Gov. Jindal also halted the building that 8,000-square foot abortion megaplex, scheduled to be built in New Orleans, following the release of the first video.

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John Jalsevac John Jalsevac Follow John

This one shot from the latest PP sting video might be the most disturbing thing you see all year

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By John Jalsevac
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I’m about to show you something that, if you're alive and have a heartbeat, will deeply disturb you, and then make you hopping mad.

I warn you, it’s graphic. But everybody needs to see this. Because this is the truth. And even if the truth is difficult, and gruesome, and challenging, it must be known.

This morning the Center for Medical Progress released the latest in their series of undercover sting videos exposing the fact that Planned Parenthood is harvesting and selling the body parts of aborted babies.

The first part is plenty disturbing, as director of research for Planned Parenthood Gulf Coast, Melissa Farrell, discusses how she “diversifies” Planned Parenthood's “revenue stream” by selling aborted baby parts, and how their abortionists can modify the abortion procedure (Note: totally illegal) to obtain “intact” fetuses.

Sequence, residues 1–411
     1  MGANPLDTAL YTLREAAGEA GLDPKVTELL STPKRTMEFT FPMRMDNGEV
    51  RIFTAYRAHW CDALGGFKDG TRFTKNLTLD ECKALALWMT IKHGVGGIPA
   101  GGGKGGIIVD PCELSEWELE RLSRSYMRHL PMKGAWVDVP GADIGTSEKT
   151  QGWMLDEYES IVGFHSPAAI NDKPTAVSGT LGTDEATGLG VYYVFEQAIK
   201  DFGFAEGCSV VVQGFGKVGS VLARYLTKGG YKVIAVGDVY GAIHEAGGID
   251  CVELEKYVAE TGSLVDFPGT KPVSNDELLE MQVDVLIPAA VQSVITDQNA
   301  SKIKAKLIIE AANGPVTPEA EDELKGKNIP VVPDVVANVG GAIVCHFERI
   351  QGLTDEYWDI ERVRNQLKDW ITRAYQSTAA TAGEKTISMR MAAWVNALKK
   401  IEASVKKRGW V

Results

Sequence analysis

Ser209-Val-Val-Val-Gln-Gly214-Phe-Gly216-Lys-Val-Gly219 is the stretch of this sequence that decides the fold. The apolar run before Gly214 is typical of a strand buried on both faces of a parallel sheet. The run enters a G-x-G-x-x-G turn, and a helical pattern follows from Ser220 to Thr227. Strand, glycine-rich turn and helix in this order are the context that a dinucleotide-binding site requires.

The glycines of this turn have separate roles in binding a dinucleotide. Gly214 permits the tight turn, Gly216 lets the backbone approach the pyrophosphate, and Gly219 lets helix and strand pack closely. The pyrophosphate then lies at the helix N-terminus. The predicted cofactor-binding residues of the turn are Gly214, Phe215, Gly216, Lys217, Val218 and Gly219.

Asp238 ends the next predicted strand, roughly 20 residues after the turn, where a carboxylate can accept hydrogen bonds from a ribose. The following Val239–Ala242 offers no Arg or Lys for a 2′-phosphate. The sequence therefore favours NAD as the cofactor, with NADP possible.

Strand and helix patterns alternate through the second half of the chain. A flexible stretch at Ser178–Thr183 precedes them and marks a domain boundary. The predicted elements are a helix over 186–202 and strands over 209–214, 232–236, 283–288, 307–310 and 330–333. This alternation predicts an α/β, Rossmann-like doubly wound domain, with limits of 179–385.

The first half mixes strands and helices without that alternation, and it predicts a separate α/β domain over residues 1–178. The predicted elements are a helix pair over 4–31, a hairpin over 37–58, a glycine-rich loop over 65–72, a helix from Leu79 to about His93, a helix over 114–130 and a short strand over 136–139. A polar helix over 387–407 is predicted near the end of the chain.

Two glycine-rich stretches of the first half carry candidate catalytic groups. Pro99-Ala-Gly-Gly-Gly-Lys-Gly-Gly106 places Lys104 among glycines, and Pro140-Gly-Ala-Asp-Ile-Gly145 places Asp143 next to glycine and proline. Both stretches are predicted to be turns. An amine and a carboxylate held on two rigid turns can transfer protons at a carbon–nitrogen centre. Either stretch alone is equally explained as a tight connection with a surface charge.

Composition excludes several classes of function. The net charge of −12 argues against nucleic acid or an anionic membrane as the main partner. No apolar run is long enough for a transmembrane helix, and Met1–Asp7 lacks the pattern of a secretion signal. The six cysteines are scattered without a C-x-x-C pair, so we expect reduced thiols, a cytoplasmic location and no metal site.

But then the camera moves into the lab, where workers are actually involved in dissecting and dismembering aborted babies to get the useful body parts.

Describing their “last case” of the day, one of the workers tells an actor posing as someone interested in purchasing fetal body parts, that “it was a twin” at about 20 weeks gestation.

The camera then pans over to a dish, filled with what Planned Parenthood describes as “tissue.” One of the workers uses tweezers to pick up the intestines, and boasts about how sometimes “the organs come out really, really well.”

And that’s when I saw it. A little, beautiful, perfectly formed hand, gently clenched in a fist – a hand attached to an arm that had been torn from its owner's body, and thrown in a dish swimming with body parts.

...And then I saw the foot. And the other foot.

I wish I could say I couldn’t believe what I was seeing. But I could, because I know what Planned Parenthood does. But there’s a difference between believing, and seeing.

And that’s why these photos must be shared as far and wide as possible.

After that, it gets even worse, as the man behind the camera uses his tweezers to pick up and inspect an arm and hand...and then the leg...and then another leg.

Yes, it is horrifying that Planned Parenthood is apparently lying about the fact that it makes a tidy profit off trafficking in the body parts of aborted babies.

But the worst thing of all is that Planned Parenthood has body parts to sell in the first place. That Planned Parenthood is daily, constantly, aborting babies that have hands, and feet, and hearts, and lungs.

The worst part is that every time Planned Parenthood sells a body part, it is because they have killed a baby, a human being like you and me – a human being that had the right to live, and love, and be, a baby whose life was summarily snuffed out, and turned into a “revenue stream.”

The worst part is that year after year, decade after decade, we let Planned Parenthood get away with the canard that they are only aborting "blobs of tissue," or "products of pregnancy" - as if we don't all know perfectly well what the product of a pregnancy is: a baby. 

I say, enough is enough. Shut Planned Parenthood down, now!